The whole science of vector storage and embeddings is based upon the principal that the semantic meaning of words in a language can be broken down into numbers – or vectors – for semantic retrieval.

What we have been seeking to do in this discussion is find a way to make these embeddings as concise and efficient as possible so that queries (cosine similarity or other searches) against them return the absolute best responses possible.

Your ideas are interesting, but I don’t see how they work in the real world today.

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Personally I store indexed vectors, with appropriate data columns (also indexed where needed) in multi clustered cloud vector database. So for me the instantaneous retrieval is something normal.

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I wanted to share some real-life implications of the choice between the “sliding window” and “atomic idea” chunking during the raw text processing. Let me know what you think.

Background: @ LAWXER (where I am), we developed the “atomic idea” (see my previous posts) approach, where the raw text goes through a complex workflow to identify pieces containing one idea at a time only, and then a hierarchical tree is built with parent-child relationships established between pieces. Then, depending on the application (in our case, it is legal document analysis), the tree is transformed into “embeddable objects” that are vectorized and stored in a database (we use weaviate for the performance).

This approach is much “heavier” in development and API costs compared to the “sliding window” chunking approach, where the text is cut into overlapping pieces of a specific length (often variable) before being embedded into a vector database.

Both approaches aim to create pieces of context retrievable by vector similarity search to select a context for LLM to use during the result generation (RAG).

So, one of our competitors, https://www.termscout.com/, offers a similar solution to contract analysis that we are about to put on the market. I went to see their demos and analyze the RAG engine performance (based on the videos they shared, I know they use a “sliding window” approach).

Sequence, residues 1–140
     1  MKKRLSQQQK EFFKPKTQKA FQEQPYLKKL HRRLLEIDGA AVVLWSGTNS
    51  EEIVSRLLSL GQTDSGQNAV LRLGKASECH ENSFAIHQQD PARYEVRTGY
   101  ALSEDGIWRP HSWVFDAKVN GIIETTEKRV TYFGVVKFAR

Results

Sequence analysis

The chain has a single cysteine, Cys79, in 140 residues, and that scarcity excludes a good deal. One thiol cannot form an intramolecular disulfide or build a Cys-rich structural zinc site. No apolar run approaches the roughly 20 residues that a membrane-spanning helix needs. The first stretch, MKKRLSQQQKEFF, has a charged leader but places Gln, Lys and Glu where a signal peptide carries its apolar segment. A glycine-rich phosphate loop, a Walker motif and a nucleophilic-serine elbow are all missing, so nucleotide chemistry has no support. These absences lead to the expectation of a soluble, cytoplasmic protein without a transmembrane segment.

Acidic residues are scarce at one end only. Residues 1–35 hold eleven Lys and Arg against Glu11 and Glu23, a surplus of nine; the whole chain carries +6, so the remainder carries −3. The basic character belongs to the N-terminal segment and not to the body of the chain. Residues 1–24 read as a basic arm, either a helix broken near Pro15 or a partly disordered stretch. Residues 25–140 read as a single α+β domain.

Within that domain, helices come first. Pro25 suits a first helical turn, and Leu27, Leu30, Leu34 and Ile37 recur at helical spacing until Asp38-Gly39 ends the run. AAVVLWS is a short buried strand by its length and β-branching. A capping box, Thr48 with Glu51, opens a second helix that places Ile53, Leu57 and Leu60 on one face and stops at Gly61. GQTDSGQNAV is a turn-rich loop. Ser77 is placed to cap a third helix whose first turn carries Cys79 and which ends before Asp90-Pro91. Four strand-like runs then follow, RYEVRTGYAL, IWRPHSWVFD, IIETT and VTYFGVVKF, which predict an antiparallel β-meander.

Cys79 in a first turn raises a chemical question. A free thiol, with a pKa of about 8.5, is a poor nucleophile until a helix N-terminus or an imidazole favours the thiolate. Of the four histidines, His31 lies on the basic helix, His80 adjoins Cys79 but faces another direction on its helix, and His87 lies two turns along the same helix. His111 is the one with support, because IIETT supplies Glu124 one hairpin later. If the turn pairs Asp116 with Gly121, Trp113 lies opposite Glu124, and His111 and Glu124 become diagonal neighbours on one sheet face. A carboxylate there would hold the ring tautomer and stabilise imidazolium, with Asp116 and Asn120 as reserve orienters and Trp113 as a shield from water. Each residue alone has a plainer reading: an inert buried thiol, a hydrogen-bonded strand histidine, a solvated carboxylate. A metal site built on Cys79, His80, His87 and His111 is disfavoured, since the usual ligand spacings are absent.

I know a lot of things will depend on the “embeddable object” structure you use for RAG, but still, some trends can be spotted right upfront:

  1. Sliding window does not guarantee the “top” match is actually the sufficient context to produce the desired result, because it cannot guarantee the totality of the “idea” is present in the selected window, nor does it guarantee the selected chunk does not contain “the noise” (text, located close to the searched piece, but not being part of the searched piece).
    How do I know that? TermScout solution, often referred to chunks as “base for the answer,” where only partial context was present at either the beginning of the chunk or its end. But as the context was cut in a wrong spot by chunking mechanism, the produced result was wrong because of the lack of the entire context, necessary to produce the correct result.
    Why does it happen? The vector match is less precise when several ideas are present in the chunk, and depending on the surrounding text and the place where the text was cut, the match may simply fail to find the necessary parts of the context because they have a larger distance to the query than some other parts of that context present in different chunks. Like if you search the elements by a query describing the element (naturally close to the title vector), the selected chunks are likely to be short and contain the title without the stable guarantee to contain the body entirely.

  2. Slider window approach precision is not as good as “atomic idea” because several chunks are likely to contain the same parts of text mixed to other parts of the document, and there are too many factors that can affect the vectors (what I call noise). While in “atomic idea” approach, you get the whole item per chunk (and if the searched item is a “container” of chunks–say an article containing several subsections–, with the current approach to the “embeddable object” you will get the parent item + closest matches among its children on the first run, and if that’s not enough, you can select all children for the parent either on the first run or in a subsequent query).

So, what do you guys think?